Welcome to WebmasterWorld Guest from 54.162.12.134

Forum Moderators: incrediBILL

Message Too Old, No Replies

Offline website development vs online

     
10:48 pm on Mar 11, 2012 (gmt 0)



Hello all,

I've been considering starting a (At first) part time website design company for a while. I have programmed in html, php & SQL (And assembler / C / Siemens PLC) for years so the technical side is no sweat, (I'm a techie, day job is in electronics).

I have built websites in the past using notepad++ etc, but I'm tired of handcoding, especially when time is now money.

So I'm looking for a RAD way of building websites, with as little hand coding as possible. I'm not afraid of coding, I program PLC's daily, but I'm in this for the money, not for the love of coding.

As I see it, Dreamweaver looks like the best option. I want templates I can just 'fill in' with the customers content.

My question is: Is Dreamweaver still the best way of making a clients site, or is the CMS joomla / drupal way of doing things far better these days. (I assume wordpress is more for blogs).
10:54 pm on Mar 11, 2012 (gmt 0)

WebmasterWorld Senior Member g1smd is a WebmasterWorld Top Contributor of All Time 10+ Year Member Top Contributors Of The Month



Write your own PHP/mySQL CMS so it does exactly what you want. Avoid the design mistakes built in to Wordpress, Joomla, Zencart et al.

Set up a password protected dev or test subdomain or install XAMPP or similar on a laptop or desktop PC for testing.
11:39 pm on Mar 11, 2012 (gmt 0)

WebmasterWorld Senior Member 10+ Year Member



As I see it, Dreamweaver looks like the best option. I want templates I can just 'fill in' with the customers content.

Doesn't the client have anything to say about what he/she wants? Every blog/CMS has their own pros and cons - and I doubt you can find one-size-fits-all kind of application for all of your clients.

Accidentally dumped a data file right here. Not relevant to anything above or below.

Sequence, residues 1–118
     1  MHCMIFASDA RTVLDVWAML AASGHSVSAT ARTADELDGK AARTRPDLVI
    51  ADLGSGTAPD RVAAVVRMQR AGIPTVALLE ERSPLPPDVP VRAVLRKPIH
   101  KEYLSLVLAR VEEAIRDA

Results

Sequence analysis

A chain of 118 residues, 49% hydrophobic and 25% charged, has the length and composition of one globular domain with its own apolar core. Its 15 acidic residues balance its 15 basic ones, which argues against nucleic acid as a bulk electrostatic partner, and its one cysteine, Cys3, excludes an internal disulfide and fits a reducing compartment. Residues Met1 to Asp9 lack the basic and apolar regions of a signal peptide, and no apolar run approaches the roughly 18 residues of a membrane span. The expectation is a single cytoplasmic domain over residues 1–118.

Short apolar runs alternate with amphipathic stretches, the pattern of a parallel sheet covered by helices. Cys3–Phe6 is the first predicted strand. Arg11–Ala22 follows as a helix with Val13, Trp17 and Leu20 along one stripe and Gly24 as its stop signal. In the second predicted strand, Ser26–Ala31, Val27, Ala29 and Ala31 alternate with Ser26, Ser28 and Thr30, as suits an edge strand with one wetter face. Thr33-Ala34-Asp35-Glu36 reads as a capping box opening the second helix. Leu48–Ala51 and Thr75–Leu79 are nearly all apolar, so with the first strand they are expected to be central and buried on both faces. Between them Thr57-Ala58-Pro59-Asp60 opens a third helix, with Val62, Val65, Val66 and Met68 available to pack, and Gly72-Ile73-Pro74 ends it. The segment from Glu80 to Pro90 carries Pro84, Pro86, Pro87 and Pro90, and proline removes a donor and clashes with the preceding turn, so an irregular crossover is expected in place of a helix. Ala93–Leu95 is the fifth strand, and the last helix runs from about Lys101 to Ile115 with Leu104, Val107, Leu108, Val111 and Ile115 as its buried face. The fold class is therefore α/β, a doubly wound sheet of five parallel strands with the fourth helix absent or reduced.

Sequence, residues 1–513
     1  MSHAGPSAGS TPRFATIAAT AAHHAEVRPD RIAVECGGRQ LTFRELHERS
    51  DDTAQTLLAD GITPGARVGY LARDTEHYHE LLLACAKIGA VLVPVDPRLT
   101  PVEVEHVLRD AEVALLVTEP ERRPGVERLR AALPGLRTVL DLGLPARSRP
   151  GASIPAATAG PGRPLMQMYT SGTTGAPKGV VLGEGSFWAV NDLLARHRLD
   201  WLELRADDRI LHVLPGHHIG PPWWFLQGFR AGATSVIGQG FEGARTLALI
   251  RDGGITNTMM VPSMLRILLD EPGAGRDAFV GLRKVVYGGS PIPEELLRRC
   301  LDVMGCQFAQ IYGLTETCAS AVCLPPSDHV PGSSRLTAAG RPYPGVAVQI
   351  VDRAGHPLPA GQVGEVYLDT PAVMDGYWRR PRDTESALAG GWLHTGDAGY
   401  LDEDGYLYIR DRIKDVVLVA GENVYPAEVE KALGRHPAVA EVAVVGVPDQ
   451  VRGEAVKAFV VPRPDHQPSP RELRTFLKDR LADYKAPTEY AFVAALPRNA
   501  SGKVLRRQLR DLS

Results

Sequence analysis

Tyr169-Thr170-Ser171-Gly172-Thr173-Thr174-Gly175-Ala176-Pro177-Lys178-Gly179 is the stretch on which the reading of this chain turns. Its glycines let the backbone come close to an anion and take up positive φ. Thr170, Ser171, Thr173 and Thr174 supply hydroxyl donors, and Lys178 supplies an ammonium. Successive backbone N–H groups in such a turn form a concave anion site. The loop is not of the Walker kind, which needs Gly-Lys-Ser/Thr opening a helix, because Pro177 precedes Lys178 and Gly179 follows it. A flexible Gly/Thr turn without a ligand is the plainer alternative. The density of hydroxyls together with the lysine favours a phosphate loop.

Something I don't understand is why do people compare Dreamwaver with CMS apps like wordpress, joomla etc. I've used notepad++ for many years, and I take Dreamwaver and notepad++ as just programming/design tools.
11:49 pm on Mar 11, 2012 (gmt 0)

WebmasterWorld Administrator incredibill is a WebmasterWorld Top Contributor of All Time 10+ Year Member Top Contributors Of The Month



As I see it, Dreamweaver looks like the best option. I want templates I can just 'fill in' with the customers content.


Well DreamWeaver is fine for typing in content, but I wouldn't use their suck templates.

Think about your client's needs, think about mobile, DW doesn't.

Find a nice HTML 5 template with a liquid layout that scales from very wide and degrades gracefully to tablets and smartphones. If customers can get a one-size-fits-all solution, like my latest site has, they'll LOVE it and you'll rock out the clients quickly and easily.

To do what you want to do, you need to work smart, not hard, and offer a major advantage, which I've just given you.

Look online and you'll find several HTML 5 scalable liquid layouts, pick one and adapt it to your needs.
10:59 pm on Mar 12, 2012 (gmt 0)



Thanks for the replies guys.

I like the liquid layout idea and using html5. If this makes coding more productive then all the better.

As for what the client wants, well I'm looking to target a specific type of client, one that is basically afraid of computers, oldies and non techies. I'll be there to translate their needs onto the screen. They have no idea about social networking, twitter etc, so I'll know whats good for them because they won't have a clue.

I'm not looking to be a professional web developer, just targeting a specific niche offering a simple and effective web solution.
 

Featured Threads

Hot Threads This Week

Hot Threads This Month